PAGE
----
Although the lists in Numbers display a somewhat altered form from the genealogies and tribal lists of the book of Genesis, they perform similar literary and theological functions. They mark major structural divisions. They make a theological claim about the continuity of the covenantal promises and laws given to the patriarchs for each succeeding generation. They make a theological claim for the inclusiveness of the covenant promises and laws for all Israel. Furthermore, the expanded segmented genealogies of Numbers 26 suggests a partial fulfillment of the promise of an abundance of descendants which was given to the patriarchs in the Genesis narrative.[25]

It is clear, then, that while a genealogy may function militarily, it also serves in a theological sense and social sense among others.

III. Brief Word on Purpose

For the sake of clarity of argument, this post has sought to somewhat neatly categorize the various functions of genealogies, and obviously many clearly operate on one or two main levels. But the nature of the Old Testament and the God that it gives testimony to, does not allow the modern reader to impose these categories onto the text as a straightjacket. Instead, these categories serve as an invitation to us modern readers to better grasp initially off-putting passages like genealogies.

This study serves to remind us, as Paul told Timothy in reference to the Old Testament, “[a]ll Scripture is inspired by God and profitable for teaching, for reproof, for correction, for training in righteousness” (2 Tim. 2:16). The purpose of Old Testament genealogies is the purpose of Scripture: to transform God’s people in all ages into a righteous people ready to serve him in every good work. Although seemingly jarring or boring at first, genealogies (1) remind us God’s care and concern for individuals; (2) they remind us that God cares for how his people relate to each other and others around them; (3) they remind us that God’s infinitely concerned with his own holy standards while at the same time patient with weak and sinful people; (4) they remind us that God always has had and will always have a faithful remnant through the ages; (5) they remind us that God keeps his covenant promises; (6) they remind us that God is intimately acquainted with and sovereign over every epoch of human history; (7) they remind us that God uses an unworthy people to act both as his emissaries of grace and swords of judgment; (8) and they remind us that God is wonderfully creative, and among the various genres of Scripture one of them is genealogy.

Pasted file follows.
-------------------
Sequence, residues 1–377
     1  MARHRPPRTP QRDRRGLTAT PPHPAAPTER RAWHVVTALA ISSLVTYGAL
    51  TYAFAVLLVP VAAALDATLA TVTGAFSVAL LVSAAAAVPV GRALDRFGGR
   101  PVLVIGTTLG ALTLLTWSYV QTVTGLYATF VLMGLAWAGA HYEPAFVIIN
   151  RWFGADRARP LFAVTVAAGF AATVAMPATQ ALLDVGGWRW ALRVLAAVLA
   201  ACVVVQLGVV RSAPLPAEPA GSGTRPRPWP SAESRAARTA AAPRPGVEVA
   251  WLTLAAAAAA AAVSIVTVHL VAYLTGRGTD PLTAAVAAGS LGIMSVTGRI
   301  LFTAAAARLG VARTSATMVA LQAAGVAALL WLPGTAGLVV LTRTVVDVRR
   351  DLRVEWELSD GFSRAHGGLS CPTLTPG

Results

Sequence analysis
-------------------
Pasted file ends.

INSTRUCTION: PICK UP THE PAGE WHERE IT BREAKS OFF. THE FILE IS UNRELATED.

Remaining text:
[1] Of course, there are genealogies in the NT (Matthew 1:1-17; Luke 3:23-38). The focus of this purpose, however, is solely on those in the OT.

[2] So D. S. Huffman, “Genealogy,” in Dictionary of Jesus and the Gospels, ed. Joel B. Green and Scot McKnight (Grand Rapids: InterVarsity Press, 1992), 253.

[3] J. W. Wright, “Genealogies,” in Dictionary of the Old Testament: Historical Books, ed. T. Desmond Alexander and David W. Baker (Grand Rapids: Inter-Varsity Press, 2003), 346.